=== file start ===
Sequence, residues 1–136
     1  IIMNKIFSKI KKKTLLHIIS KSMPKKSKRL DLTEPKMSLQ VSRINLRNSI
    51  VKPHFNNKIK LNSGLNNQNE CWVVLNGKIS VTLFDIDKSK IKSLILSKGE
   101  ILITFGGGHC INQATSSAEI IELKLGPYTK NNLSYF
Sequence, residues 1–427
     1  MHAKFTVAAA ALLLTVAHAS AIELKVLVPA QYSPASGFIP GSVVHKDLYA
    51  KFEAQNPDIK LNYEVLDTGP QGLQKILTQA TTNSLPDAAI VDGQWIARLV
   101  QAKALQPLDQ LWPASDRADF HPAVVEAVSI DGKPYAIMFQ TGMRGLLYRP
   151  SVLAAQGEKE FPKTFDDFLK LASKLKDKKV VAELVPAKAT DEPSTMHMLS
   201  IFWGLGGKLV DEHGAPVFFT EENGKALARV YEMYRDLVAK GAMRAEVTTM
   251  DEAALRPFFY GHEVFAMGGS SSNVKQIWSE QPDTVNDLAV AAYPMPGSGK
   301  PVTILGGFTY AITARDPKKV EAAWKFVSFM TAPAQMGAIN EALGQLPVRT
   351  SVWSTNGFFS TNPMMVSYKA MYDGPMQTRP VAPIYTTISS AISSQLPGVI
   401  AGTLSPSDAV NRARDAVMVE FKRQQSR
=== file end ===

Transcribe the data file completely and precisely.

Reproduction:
Sequence, residues 1–136
     1  IIMNKIFSKI KKKTLLHIIS KSMPKKSKRL DLTEPKMSLQ VSRINLRNSI
    51  VKPHFNNKIK LNSGLNNQNE CWVVLNGKIS VTLFDIDKSK IKSLILSKGE
   101  ILITFGGGHC INQATSSAEI IELKLGPYTK NNLSYF
Sequence, residues 1–427
     1  MHAKFTVAAA ALLLTVAHAS AIELKVLVPA QYSPASGFIP GSVVHKDLYA
    51  KFEAQNPDIK LNYEVLDTGP QGLQKILTQA TTNSLPDAAI VDGQWIARLV
   101  QAKALQPLDQ LWPASDRADF HPAVVEAVSI DGKPYAIMFQ TGMRGLLYRP
   151  SVLAAQGEKE FPKTFDDFLK LASKLKDKKV VAELVPAKAT DEPSTMHMLS
   201  IFWGLGGKLV DEHGAPVFFT EENGKALARV YEMYRDLVAK GAMRAEVTTM
   251  DEAALRPFFY GHEVFAMGGS SSNVKQIWSE QPDTVNDLAV AAYPMPGSGK
   301  PVTILGGFTY AITARDPKKV EAAWKFVSFM TAPAQMGAIN EALGQLPVRT
   351  SVWSTNGFFS TNPMMVSYKA MYDGPMQTRP VAPIYTTISS AISSQLPGVI
   401  AGTLSPSDAV NRARDAVMVE FKRQQSR